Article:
and put up the sword.

Things never were better,
to that I’ll avow.
Got a gall off at college
learning “why, where, and how.”

The boys are still growing
and marching in bands
They like to go skiing
at good “Crystal Land.”

Dee’s painting and painting
mixin’ the right hue.
His new maps are progressing
and his hours are too.

I’m singing at weddings
and sometimes at church.
I hope to plant dogwoods
and maybe a birch.

Dear friends, everywhere,
I’m thinking of you.
So please don’t be mad
at my letters so few.

Seasons greeting to all
and to all a Good New Year.
Love, Peace, Joy, and Power
to all of you dear.
– Colleen Molenaar

 

Moz Molenaar

December 26, 1927-
February 21, 2017

Colleen was born the youngest of ten children to Christian and Ida (Miller) Haag on December 26, 1927 in Pasco, Washington.

She graduated from Pasco High School in 1945 and went on to attend the University of Idaho (where she ran on the track team), the College of Puget Sound (UPS), and the University of Montana, where she earned her degree in musical performance in 1951.

During the summers between college she worked in the souvenir shop at Mount Rainier National Park, where she met her husband, Dee, who was a park ranger there.

Colleen “Mozzy” Molenaar was a treasure. She was fun and feisty and had a wonderful self-deprecating sense of humor. She taught her children that God is Love, and taught them to look for the good in people.

She was a gifted singer and had once been accepted into the Portland Opera Company, but decided, instead, to marry Dee and move to Colorado to begin a life with him.

In her younger years she spent much of her time in the mountains with Dee, hiking and climbing (she climbed to the summit of Mount Rainier twice!).

In her later years she enjoyed crossword puzzles, reading (her tastes were eclectic), caring for her animals (goats, llamas, and cats) at the family home in Port Orchard, keeping her bird feeders filled, watching Carl Sagan talk about the cosmos, and spending time with her children and grand-children.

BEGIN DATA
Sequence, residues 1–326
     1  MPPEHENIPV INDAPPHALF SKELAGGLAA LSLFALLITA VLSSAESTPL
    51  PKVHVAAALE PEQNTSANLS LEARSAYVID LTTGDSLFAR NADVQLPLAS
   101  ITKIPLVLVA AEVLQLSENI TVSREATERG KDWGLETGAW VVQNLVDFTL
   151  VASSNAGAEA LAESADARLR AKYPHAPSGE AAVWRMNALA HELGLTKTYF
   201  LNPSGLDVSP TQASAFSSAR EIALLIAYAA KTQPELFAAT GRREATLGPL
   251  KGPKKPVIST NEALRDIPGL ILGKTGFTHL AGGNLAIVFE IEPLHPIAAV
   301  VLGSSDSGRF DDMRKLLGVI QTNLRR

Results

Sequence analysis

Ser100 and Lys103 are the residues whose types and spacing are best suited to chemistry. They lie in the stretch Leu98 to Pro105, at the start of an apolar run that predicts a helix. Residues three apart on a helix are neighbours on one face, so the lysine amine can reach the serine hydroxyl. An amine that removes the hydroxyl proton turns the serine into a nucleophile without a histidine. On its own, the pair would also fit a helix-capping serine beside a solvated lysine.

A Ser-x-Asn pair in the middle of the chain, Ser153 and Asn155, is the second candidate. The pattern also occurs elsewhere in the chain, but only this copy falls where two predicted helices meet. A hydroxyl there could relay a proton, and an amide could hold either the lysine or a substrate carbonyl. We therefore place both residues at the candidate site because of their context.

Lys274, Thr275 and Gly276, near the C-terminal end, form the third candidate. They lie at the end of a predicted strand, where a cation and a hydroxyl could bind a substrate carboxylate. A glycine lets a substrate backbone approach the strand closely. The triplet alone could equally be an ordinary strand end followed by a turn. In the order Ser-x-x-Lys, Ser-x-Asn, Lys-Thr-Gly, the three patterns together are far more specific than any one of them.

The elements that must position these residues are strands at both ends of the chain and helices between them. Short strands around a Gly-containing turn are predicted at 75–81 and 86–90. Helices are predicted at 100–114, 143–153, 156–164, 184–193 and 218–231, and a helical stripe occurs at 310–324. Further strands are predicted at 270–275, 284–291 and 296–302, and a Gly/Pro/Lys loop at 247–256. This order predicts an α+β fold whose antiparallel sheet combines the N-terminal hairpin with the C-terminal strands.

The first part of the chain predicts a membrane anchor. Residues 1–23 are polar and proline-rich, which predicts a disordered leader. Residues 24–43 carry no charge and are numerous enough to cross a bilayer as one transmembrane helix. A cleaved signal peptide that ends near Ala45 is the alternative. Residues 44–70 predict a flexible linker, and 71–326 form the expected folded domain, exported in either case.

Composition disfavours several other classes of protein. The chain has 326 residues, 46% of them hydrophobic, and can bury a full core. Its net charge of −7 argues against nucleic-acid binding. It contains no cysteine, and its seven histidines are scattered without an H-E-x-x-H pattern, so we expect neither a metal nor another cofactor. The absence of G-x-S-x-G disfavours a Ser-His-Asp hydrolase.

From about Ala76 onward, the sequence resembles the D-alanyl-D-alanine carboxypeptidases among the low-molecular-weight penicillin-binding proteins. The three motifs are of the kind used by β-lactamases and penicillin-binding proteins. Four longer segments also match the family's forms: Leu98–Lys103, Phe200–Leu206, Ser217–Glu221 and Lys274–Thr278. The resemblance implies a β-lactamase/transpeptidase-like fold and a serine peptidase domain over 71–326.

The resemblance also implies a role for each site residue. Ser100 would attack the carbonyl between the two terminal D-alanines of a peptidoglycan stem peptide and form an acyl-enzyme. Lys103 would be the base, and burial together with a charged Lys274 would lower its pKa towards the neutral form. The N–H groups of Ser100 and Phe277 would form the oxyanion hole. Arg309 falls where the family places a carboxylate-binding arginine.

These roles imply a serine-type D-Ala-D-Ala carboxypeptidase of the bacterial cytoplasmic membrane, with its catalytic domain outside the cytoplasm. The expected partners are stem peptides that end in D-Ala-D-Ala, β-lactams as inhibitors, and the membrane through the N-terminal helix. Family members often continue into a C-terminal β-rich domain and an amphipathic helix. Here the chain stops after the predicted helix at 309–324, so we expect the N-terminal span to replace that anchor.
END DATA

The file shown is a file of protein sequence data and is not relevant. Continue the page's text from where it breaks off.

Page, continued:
In 2016 she and Dee moved to LaConner to be closer to her daughter.

She passed away peacefully in her sleep at her daughter’s home in Bow, Washington, on February 21, 2017.

Mozzy is survived by her husband of 62 years, Dee; her daughter, Karen, and son-in-law, Scott Terrell; her son, Peter, and his partner Sheila (Lindula) of Hoodsport; son David Molenaar of Olympia; and grandchildren, Andrew and Alexander Terrell (both of Bellingham), Claire Molenaar (Denver, Colorado) and Casey Molenaar (Olympia), and numerous nephews, nieces, and friends.

She was preceded in death by her parents and nine siblings.

Colleen’s family is grateful for the wonderful people at hospice who helped her through this transition. Special thanks to hospice nurse, Renee.

Thoughts from Moz’s grandson, Casey: I have never seen such an amazing soul, one that the world has had the great misfortune to lose today. No matter the situation, she ONLY gave out love and nothing but and she has been a huge part of my understanding of love and has instilled its importance in me. I believe that the thing I heard from her the most was “God is love” — and that statement, in the entirety of its meaning, looms inside me and will continue to for the rest of my life.

I am thankful to have had such a giving and goofy woman in my life…There aren’t enough words to describe this wonderful lady. I will miss her very much, as will I’m sure every single person who has had the pleasure of meeting her. And truth be told, as I reflect, I am happy; I was fortunate enough to know her and call her a big part of my family.

Thank you for teaching me that love is EVERYTHING.